Fruit flies in France. Bear DNA in Montana. Catfish genome mapping in Alabama. The way some politicians tell it, taxpayers are footing the bill for a lot of really stupid research. But before you take their word for it, why not read on and do your own research so you can make that call for yourself?
[Interested in this topic? At the bottom of this post you can find more resources on the intersection of politics, big business, and the public's perception of science.]
Try Nerdy is intended as a completely apolitical blog, but it turns out that politicians sometimes speak out on nerdy topics; the most well-known of these instances happen to involve members of the Republican party. I am not here to critique the political strategy of politicians putting down pet projects, but instead I hope to tell you what you need to know to be able to decide for yourself whether those projects represent government money well-spent, or not.
“You’ve heard about some of these pet projects, they really don’t make a whole lot of sense and sometimes these dollars go to projects that have little or nothing to do with the public good. Things like fruit fly research in Paris, France. I kid you not.” (Emphasis mine)
So said Republican vice presidential candidate Sarah Palin on October 24, 2008, in a speech about running mate John McCain’s policies on children with disabilities:
Palin was most likely referring to research about the olive fruit fly, which has wiped out tons of olive trees across Europe and is now a serious threat to California’s olive trees, an industry worth $66 million per year in a state with many recent bankruptcy issues. The flies were probably introduced accidentally by some French import to the state, so in 2008 California Representative Mike Thompson (D) earmarked $200,000+ dollars to study the fly in France. The idea was to research ways to stop the olive fruit fly from destroying the olive tree economy in California, and to study the fly in a location that had many more years of experience with the pest: the place from which the flies most likely came in the first place.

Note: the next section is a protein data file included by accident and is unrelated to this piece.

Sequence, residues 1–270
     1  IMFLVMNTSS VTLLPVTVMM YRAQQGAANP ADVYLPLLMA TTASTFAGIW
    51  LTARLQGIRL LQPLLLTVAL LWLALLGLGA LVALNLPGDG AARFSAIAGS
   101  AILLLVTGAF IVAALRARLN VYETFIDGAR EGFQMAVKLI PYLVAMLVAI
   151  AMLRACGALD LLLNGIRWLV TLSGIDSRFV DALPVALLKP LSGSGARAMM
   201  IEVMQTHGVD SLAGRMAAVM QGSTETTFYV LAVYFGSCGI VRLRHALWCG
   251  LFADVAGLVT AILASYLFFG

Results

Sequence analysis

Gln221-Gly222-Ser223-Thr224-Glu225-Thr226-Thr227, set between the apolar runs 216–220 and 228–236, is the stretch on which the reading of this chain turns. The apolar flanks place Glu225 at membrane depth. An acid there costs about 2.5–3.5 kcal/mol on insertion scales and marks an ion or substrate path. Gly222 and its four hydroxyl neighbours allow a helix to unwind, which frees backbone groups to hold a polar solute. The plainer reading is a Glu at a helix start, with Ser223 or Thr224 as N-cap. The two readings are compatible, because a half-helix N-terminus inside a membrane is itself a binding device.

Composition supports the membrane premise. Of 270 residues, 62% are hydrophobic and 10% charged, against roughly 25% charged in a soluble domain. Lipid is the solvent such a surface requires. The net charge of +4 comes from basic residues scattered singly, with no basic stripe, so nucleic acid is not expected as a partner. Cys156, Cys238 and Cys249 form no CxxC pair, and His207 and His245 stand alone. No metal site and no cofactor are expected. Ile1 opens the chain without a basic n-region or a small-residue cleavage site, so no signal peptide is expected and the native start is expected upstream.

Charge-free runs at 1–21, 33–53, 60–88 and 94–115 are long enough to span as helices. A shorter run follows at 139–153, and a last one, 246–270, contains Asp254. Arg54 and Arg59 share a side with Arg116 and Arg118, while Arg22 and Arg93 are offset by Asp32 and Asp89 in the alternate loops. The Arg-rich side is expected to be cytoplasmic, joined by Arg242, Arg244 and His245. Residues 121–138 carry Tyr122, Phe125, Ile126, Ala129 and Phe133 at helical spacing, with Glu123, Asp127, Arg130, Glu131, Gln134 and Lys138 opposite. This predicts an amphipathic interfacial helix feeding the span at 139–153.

“233 million for a bridge to nowhere. Outrageous… Three million to study the DNA of bears in Montana. Unbelievable… A million dollars for a Woodstock Museum—in a bill sponsored by Hillary Clinton. Predictable… Who has the guts to stand up to wasteful government spending? One man. John McCain.”(Emphasis mine)
Senator John McCain (R) made several statements similar to these in speeches during his 2008 presidential campaign. This quote in particular was taken from one of McCain’s 2008 campaign ads, an admittedly poor quality version of which is here:
(Although the figure for the bear research was probably more like $5 million.) McCain was taking a shot at the Northern Divide Grizzly Bear Project, which is concerned with preserving the grizzly bear population. The project is based specifically in Northwest Montana, which is one out of six recovery zones for grizzlies, which are currently on the endangered species list. One aspect of the project is to strategically place barbed wire in the Northwest Montana area to snag bear hairs that can be recovered later for DNA extraction. Sequencing this DNA can provide information about how many bears are in which parts of the region and what the male-to-female ratio is – important information for maintaining the grizzly bear species, which may or may not be McCain’s top priority.
“This year, they sprinkled in $2.5 million for potato pest management and research, $1.4 million to study mosquito trapping in Florida, and $800,000 for catfish genome mapping in Alabama. Taxpayers have been on the hook for this fishy earmark since 2001, for a total of $3.4 million.”(Emphasis mine)